It is forty years since the first spam email was sent on 3rd May 1978. An unsolicited mail was sent to 379 recipients connected to the ARPANET advertising a new computer. It was more successful than most more recent spam, it netted the sender’s company $13 million worth of sales.
Anyone familiar with computer technology at the time would probably have thought the mail a service rather than a nuisance. Starting at Strode College in Somerset in September 1977, the A Level course included an hour of computing each week for the first term. We sat, two to a terminal, and tapped sums into a keyboard, the numbers appearing as white text on the background of monitors that resembled television sets. The tutor would telephone Bristol University and our terminals would be connected to something called a mainframe computer. The exercise seemed odd, its intention unclear, if computers were the future, why only an hour a week for the first term of a two year course?
Electronic mail would presumably have been technically possible, but the cost of a machine capable of sending and receiving mail, and the technical expertise required to operate it, were beyond the pocket and competence of most people. Such investment would have caused one to take a dim view of the spam with which we are now familiar.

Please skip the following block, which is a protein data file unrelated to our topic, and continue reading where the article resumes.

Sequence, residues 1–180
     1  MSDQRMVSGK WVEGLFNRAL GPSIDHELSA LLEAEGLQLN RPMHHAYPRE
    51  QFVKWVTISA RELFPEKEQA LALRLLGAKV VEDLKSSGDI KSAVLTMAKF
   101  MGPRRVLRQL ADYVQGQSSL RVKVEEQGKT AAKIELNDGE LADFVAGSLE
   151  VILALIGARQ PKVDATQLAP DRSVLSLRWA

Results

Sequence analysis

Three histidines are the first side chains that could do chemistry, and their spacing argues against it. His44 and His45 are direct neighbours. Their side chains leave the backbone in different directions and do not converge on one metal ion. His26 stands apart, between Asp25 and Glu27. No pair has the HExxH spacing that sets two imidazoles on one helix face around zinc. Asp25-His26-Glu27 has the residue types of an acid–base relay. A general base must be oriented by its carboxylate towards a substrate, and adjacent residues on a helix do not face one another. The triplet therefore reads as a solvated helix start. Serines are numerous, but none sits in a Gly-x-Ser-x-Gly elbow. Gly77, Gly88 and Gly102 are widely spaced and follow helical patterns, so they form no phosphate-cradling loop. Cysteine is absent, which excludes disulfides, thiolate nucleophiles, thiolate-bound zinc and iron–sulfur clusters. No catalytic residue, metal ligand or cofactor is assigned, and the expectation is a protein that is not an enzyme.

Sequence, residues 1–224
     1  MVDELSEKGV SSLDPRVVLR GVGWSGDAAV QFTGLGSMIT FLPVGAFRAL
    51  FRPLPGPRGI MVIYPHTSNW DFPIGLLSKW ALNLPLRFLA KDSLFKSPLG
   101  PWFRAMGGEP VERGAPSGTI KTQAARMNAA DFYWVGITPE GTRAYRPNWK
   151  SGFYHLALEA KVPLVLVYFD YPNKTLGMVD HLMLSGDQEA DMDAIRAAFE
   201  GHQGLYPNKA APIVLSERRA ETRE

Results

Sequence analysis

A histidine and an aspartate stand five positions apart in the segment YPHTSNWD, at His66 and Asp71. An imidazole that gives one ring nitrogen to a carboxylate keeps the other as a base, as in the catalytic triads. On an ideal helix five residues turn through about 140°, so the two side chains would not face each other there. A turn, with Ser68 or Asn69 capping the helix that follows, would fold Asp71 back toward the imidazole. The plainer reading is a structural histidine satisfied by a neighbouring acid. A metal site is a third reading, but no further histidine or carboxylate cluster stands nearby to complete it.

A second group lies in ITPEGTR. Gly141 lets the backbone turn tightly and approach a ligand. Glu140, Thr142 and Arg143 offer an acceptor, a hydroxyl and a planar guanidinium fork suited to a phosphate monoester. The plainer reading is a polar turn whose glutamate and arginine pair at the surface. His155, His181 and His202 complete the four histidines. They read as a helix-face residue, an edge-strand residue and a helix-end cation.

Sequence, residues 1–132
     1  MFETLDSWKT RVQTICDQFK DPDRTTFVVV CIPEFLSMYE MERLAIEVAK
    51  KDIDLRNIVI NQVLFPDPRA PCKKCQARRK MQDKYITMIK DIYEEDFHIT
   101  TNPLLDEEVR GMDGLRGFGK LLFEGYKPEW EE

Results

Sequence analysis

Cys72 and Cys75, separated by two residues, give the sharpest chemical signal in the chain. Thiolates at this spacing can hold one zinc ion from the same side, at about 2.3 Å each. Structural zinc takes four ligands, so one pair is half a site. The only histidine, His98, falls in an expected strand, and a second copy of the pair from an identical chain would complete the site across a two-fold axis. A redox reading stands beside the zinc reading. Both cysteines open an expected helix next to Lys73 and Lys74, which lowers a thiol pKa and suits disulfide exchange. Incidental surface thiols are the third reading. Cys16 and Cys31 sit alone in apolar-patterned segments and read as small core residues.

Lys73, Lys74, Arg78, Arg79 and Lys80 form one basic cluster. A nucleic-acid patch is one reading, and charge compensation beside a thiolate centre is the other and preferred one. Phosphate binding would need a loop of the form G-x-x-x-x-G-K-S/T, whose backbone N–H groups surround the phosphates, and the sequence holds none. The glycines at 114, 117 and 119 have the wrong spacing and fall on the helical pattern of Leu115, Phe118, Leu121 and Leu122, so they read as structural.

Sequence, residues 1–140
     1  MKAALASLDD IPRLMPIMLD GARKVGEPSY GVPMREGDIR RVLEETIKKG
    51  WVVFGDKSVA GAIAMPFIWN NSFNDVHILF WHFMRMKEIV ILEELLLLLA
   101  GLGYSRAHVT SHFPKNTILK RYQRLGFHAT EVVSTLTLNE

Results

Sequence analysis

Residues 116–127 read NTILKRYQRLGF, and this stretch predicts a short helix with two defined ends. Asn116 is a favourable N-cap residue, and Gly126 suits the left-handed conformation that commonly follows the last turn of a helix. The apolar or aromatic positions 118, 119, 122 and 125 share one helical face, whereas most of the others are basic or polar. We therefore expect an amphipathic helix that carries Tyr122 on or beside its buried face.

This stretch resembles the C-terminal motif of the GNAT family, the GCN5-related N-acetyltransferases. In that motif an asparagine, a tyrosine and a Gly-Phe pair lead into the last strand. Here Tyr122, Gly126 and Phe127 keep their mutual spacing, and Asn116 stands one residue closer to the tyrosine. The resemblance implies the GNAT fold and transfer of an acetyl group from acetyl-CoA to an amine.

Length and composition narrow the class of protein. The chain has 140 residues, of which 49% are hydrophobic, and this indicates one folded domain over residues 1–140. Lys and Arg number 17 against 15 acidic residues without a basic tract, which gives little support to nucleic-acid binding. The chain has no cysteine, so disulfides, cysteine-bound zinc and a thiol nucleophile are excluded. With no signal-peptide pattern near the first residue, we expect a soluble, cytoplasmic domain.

It was nearly twenty years before I acquired an email address: firstname.lastname@example.org, nor was it free – in memory it cost $4.99 a month. Perhaps it was the complexity of the address, or the fact that the address was provided for a fee, or just that spammers were much rarer, but spam emails were few and far between. Only when switching to a free service in 1999 did the unsolicited mail become an irritation.
Spam is said now to account for some 60% of emails, with the United States and China being the chief sources of the nuisance mail in circulation, but why is some of it sent at all? The first spam mail sent forty years ago was from a genuine sender offering a genuine product, sometimes the senders of spam email now seem people more to be pitied than despised. Spam is dully uniform in its content: medications at discount prices; financial deals at unrivalled interests rates; young Russian women looking for husbands; Asian women looking for exciting partners; Mrs Rose Williams in Cote d’Ivoire who is dying and offering a Christian recipient millions of dollars from her late husband’s estate – nothing of interest and certainly nothing approaching a credible contact to which anyone might respond.
“Lovely spam! Wonderful spam!” sang the choir on Monty Python, in praise of tinned luncheon meat. Someone, somewhere out there is singing a similar song about the emails picked up in the filters of most inboxes, otherwise they would not keep sending it. Like the purchasers of the computers in 1978, there must be people who make unsolicited emails worthwhile, someone must be sufficiently credulous to respond to the offers being made.